Posted in Suzuki category on 17th January 2013
The advantage of music lessons at a young age
A paper published this week in the Journal of Neuroscience (16-01-13) describes research carried out on music students and concludes that musical training during a sensitive period of development of the brain - i.e. in the early years of life - may have greater effects than training later in life.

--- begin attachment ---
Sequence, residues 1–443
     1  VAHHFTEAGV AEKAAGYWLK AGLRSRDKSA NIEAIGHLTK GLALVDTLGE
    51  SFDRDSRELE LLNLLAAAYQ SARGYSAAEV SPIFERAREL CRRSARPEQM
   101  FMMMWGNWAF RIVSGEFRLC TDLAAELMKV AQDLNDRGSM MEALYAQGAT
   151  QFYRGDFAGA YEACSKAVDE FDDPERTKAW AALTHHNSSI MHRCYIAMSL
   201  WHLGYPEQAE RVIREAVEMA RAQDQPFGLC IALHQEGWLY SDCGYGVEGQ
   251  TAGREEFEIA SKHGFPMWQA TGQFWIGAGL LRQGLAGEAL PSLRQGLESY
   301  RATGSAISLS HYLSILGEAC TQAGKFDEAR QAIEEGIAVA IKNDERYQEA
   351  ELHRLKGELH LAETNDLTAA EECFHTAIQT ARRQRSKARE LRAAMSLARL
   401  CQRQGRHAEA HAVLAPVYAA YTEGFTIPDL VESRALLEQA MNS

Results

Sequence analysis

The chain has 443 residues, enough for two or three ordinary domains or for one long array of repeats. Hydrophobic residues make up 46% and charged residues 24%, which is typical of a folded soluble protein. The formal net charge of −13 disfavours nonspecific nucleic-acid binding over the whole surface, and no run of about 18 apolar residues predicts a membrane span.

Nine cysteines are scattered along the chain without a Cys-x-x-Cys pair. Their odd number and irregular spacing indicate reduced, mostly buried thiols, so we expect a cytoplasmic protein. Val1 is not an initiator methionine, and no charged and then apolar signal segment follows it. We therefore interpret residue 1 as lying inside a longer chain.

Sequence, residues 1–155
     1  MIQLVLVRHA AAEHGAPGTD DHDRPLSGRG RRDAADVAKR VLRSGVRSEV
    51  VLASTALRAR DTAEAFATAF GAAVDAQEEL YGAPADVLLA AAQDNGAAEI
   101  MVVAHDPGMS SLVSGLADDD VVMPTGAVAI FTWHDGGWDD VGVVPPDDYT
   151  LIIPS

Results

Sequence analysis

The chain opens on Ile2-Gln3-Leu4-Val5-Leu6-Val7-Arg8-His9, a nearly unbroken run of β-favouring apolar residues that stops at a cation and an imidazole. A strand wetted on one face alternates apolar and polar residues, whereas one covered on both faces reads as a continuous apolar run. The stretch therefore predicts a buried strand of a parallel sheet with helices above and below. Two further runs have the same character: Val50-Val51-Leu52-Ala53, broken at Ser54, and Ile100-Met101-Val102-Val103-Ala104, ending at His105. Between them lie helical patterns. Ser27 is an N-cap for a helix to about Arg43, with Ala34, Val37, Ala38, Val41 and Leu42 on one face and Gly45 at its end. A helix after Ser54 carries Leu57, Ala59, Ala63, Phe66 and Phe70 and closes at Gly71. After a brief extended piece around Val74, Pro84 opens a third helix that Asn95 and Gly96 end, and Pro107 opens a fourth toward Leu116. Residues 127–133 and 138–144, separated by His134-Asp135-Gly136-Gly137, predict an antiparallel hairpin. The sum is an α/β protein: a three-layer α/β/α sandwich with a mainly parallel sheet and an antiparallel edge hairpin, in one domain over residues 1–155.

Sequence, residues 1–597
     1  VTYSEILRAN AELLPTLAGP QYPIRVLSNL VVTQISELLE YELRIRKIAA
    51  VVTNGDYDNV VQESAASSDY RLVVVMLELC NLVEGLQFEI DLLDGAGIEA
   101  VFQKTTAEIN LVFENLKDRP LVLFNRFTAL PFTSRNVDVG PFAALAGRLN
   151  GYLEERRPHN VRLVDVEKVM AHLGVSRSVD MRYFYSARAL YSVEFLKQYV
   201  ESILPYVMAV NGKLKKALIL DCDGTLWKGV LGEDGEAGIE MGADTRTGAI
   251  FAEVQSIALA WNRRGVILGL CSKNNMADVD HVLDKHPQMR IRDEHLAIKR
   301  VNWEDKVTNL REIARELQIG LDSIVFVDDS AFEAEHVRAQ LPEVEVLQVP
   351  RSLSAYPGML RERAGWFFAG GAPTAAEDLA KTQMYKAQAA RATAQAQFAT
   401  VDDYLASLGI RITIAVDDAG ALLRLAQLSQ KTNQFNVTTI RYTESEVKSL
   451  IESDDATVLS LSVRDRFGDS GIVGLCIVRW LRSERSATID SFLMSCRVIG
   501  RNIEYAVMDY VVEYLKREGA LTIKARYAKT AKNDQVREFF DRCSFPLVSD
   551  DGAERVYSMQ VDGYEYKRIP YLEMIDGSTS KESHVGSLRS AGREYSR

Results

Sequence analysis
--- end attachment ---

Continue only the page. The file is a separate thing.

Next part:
In a report on the findings, Hannah Devlin describes how the brains of those who began learning a musical instrument at a younger age were shown to have stronger connections in the corpus callosum, which links the right and left hemispheres of the brain, something that has previously been associated with fine motor co-ordination and synchronisation of both hands. Shinichi Suzuki would have been thrilled to know that science now supports his maxim that the younger children are when they begin their musical education, the better, and that the early years provide teachers and parents with a window of opportunity which, if missed, cannot be compensated for later.